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This work is available from Boosey & Hawkes for the world.


World Premiere
Walter van Hauwe, recorder
Programme Note

I. The Visitor of the Idyll 5' 15
II. The Hermit at the Water 4' 00
III. The Actor with the Monkey 4' 26
IV. The Shepherd's Flute 5' 21

The Chinese Pictures were composed for and premiered by the recorder player Walter van Hauwe, however, Isang Yun wanted them to be performed on the flute as well. Written in June 1993 in Hohegeiss in the Harz Mountains, these four pieces demonstrate the reduced texture of his late style. The musical material is deliberately limited: each respective piece is based on different motivic cells consisting of two or three notes, which are then elaborated by means of developing variation as well as contrasting reference and derivation. In some respects the music recalls idioms of various types of East Asian flutes. With the exception of the third piece, The Actor with the Monkey, the Chinese Pictures are influenced by programmes of Buddhist origin.

The first two pieces not only have a contemplative character in common, but also a spiral-like dramaturgy which forms an upwardly arched semi-circle, the archetypical symbol for heaven. Contrasting, however, are the motivic cells: whereas the "brushstroke" treatment of the "main tone" (created by the intertwining of smaller intervals) evokes the softer impression of flowing water in The Hermit at the Water (II), larger intervals in The Visitor of the Idyll (I) allow the prolonged single tone to stand out. Both pieces - and likewise The Shepherd's Flute (IV) - are inspired by stories which exist in numerous versions in East Asia: the tales of "The Ox and his Shepherd" refer to the human being guiding his "inner child", the ox. In the autograph manuscript, the first piece is entitled "The Visitor of the Hermitage" (in the printed version: The Visitor of the Idyll), thus making a clear reference to a Buddhist place. The visitor of this idyll is a peasant who leads his ox to water to let him drink. As the title already indicates, this parable is continued in the second piece, The Hermit at the Water. A hermit arrives at the water at the same time as the peasant and begins to cleanse his ears. The peasant asks him why he is doing this, and the hermit replies: "I was in the capital city in the palace of the king where they offered me for a good salary employment as a court official. But when I asked them what my duties would be, they told me horrible things. So now I have to wash my ears." Upset about the so-caused contamination of the water, the peasant leaves the spring without allowing his ox to drink.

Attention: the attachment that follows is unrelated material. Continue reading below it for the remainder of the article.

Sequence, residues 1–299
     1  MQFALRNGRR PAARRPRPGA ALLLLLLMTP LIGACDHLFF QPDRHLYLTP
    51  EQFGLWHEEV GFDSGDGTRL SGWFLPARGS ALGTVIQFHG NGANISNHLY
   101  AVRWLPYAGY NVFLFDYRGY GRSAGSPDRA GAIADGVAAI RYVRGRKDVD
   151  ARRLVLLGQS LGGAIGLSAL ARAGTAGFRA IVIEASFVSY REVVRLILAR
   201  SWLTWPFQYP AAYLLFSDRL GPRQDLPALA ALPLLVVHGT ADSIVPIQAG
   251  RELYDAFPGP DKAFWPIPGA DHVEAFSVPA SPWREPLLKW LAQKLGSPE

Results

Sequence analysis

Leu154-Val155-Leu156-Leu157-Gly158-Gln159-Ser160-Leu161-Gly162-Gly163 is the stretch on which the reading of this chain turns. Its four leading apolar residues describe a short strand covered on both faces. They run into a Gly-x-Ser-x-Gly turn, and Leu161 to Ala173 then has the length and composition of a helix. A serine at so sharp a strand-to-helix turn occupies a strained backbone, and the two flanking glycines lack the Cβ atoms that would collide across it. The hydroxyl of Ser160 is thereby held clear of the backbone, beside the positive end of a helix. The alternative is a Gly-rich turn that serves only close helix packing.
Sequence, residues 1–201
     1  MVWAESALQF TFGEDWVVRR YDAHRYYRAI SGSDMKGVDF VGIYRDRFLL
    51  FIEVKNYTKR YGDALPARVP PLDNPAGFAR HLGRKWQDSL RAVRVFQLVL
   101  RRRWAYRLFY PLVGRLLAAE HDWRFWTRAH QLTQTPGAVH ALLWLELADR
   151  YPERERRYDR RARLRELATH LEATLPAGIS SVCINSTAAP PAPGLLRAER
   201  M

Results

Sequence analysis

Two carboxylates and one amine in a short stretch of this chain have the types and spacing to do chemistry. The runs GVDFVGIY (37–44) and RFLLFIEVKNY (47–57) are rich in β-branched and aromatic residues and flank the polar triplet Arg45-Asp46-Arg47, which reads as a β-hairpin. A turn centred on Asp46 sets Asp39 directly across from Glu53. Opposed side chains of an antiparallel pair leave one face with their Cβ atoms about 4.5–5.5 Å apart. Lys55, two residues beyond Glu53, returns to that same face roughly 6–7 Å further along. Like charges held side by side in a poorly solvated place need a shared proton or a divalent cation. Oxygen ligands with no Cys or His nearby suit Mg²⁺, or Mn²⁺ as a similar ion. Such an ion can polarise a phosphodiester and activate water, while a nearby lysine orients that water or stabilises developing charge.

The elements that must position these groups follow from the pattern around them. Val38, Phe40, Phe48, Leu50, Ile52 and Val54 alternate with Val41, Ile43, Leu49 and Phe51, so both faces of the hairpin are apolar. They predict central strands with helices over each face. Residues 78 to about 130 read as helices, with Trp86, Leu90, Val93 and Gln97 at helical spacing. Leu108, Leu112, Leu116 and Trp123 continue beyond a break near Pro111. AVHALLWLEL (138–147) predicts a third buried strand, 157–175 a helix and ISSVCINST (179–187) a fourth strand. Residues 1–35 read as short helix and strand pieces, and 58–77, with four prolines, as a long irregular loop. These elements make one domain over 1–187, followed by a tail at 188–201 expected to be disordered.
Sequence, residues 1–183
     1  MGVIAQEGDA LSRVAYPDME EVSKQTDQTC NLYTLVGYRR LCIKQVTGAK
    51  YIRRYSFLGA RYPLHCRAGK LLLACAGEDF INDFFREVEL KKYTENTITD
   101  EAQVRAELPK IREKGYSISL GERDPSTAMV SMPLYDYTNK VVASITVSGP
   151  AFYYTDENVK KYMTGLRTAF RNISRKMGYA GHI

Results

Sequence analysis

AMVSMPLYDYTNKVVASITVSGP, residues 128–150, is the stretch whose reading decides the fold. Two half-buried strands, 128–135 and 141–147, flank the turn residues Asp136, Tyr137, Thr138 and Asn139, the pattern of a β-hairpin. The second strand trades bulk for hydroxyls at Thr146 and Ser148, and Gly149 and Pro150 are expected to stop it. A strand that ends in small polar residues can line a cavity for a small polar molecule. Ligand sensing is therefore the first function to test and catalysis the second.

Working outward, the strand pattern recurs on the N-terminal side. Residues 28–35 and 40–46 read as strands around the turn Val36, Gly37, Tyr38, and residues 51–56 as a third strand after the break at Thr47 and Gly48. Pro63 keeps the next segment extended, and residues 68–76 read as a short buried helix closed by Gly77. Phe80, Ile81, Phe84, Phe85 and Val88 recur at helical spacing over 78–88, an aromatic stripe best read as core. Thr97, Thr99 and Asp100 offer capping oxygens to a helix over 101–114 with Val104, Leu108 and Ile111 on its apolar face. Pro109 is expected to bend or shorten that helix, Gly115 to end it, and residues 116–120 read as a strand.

The title of the third piece, The Actor with the Monkey, refers to a scenic image, a monkey act, and beyond this to a traditional form of Chinese popular theatre, the "monkey play". The "monkey play" belonged to the "mixed plays" genre (Chinese: san-yüeh; Korean: san-ak; Japanese: san-gaku), which had reached Japan via Korea. Today the name "monkey play" is known only in Japan as saru-gaku. Saru-gaku evolved into saru-gaku-nô, a forerunner of the Nô-Theatre in which the flute is given a central musical role. (Saru means "monkey", but, as the Nô theorist Zeami had already pointed out at the beginning of the 15th century, it sounds phonetically similar to "revelation". For this reason the monkey can also be seen as representing the voice of the gods. Gaku means music, and the original meaning of is simply "skill".) However, Yun's composition hardly seems to be inspired by the sound of the Nô-flute, rather it is concerned above all with the humerous realisation of the scenic idea. Unlike the other pieces, the third piece is characterised by rapidly changing rhythms, as well as contrasts between lively circling gestures confined within a small range and more tranquil passages employing large intervals.

The Shepherd's Flute (IV) is distinguished from the previous pieces by its invocative gesture: a formal process marked by a prevailingly heavenward movement in combination with the insistence on long-drawn single tones represents freedom and spiritual liberation. The sixth chapter of the Zen book, "The Ox and his Shepherd", is entitled "Homecoming on the Ox's Back", and signifies a certain state of consciousness in which the shepherd and his ox have become one: "The battle is already over. Gains and losses are no longer of any consequence either. The shepherd is singing a rustic woodcutter's song and is playing on his flute the country-like melody of the village boys. He is sitting on the ox's back and gazing at the blue sky. When someone calls him, he does not turn around. When someone tugs at his sleeve, he does not stop" (translated into English as quoted from the German translation by Kôichi Tsujimura and Hartmut Buchner, Pfullingen: Neske 31976, 33).
Walter-Wolfgang Sparrer

Recommended Recording

Roswitha Staege (flute & alto flute)
Internationale Isang Yun Gesellschaft IYG 001


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